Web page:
Authors: Elizabeth Camden
Tags: #FIC042030, #FIC042040, #FIC027050
© 2015 by Dorothy Mays
Published by Bethany House Publishers
11400 Hampshire Avenue South
Bloomington, Minnesota 55438
Bethany House Publishers is a division of
Baker Publishing Group, Grand Rapids, Michigan
Ebook edition created 2015
All rights reserved. No part of this publication may be reproduced, stored in a retrieval system, or transmitted in any form or by any means—for example, electronic, photocopy, recording—without the prior written permission of the publisher. The only exception is brief quotations in printed reviews.
Scripture quotations are from the King James Version of the Bible.
This is a work of fiction. Names, characters, incidents, and dialogues are products of the author’s imagination and are not to be construed as real. Any resemblance to actual events or persons, living or dead, is entirely coincidental.
Cover design by Jennifer Parker
Sometimes ten seconds is all it takes to change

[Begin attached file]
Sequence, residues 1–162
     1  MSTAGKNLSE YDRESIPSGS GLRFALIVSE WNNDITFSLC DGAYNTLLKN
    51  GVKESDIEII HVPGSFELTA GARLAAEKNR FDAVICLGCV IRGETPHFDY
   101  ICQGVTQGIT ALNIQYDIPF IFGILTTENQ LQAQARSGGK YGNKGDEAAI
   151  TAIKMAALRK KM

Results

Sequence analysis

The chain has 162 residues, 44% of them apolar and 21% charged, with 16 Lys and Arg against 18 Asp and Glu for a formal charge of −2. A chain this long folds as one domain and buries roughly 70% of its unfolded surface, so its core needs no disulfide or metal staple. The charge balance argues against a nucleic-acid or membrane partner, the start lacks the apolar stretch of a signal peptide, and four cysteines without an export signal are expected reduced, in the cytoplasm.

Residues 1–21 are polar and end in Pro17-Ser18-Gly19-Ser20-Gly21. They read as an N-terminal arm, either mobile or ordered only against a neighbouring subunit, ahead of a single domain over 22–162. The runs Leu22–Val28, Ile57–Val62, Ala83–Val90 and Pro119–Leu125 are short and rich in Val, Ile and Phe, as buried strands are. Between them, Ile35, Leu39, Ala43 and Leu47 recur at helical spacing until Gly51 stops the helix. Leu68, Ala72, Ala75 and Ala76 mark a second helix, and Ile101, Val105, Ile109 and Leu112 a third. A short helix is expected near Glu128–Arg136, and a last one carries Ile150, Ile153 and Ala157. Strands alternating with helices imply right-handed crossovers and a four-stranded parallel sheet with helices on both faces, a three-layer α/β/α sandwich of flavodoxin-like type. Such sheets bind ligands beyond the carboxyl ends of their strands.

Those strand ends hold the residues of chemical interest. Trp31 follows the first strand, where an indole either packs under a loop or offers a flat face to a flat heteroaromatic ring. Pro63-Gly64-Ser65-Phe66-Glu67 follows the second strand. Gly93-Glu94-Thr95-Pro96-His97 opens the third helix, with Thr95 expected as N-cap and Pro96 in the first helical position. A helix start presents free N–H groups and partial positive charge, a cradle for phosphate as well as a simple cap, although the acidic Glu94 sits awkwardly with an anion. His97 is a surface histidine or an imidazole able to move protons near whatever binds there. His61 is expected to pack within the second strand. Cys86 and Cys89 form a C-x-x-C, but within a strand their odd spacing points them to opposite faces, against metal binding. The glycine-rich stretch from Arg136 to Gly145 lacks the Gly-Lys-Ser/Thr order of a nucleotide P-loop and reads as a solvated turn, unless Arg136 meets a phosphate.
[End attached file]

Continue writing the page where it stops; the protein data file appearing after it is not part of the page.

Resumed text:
the course of a life.
Julia Broeder had learned that lesson the hard way last week when an impulsive decision triggered a string of events that now had her waiting on this hard bench outside the conference room at the Women’s Medical College of Pennsylvania. Behind the closed conference-room door sat the twelve people who were deciding her fate. She would either be allowed to continue her education and graduate in the spring as a fully licensed physician, or she would be expelled and sent home in disgrace.
Dean Edith Kreutzer was a celebrated trailblazer in the crusade to get women admitted to the medical profession, but this morning she had looked as cold as an ice queen as she convened the college’s Board of Trustees to determine Julia’s fate.
Julia curled her fingers around the rim of the hard bench, the only furniture in the small foyer outside the conference room. Every impulse urged her to stand and press her ear to the paneled door to hear the board’s discussion, but she forced herself to sit still. There was nothing she could do to influence the board’s decision.
It didn’t matter how badly she wanted to become a doctor. Or that she ranked at the top of her class in academics and was eager to go out and be a physician in some of the poorest areas of the world. All that mattered was what she did last weekend.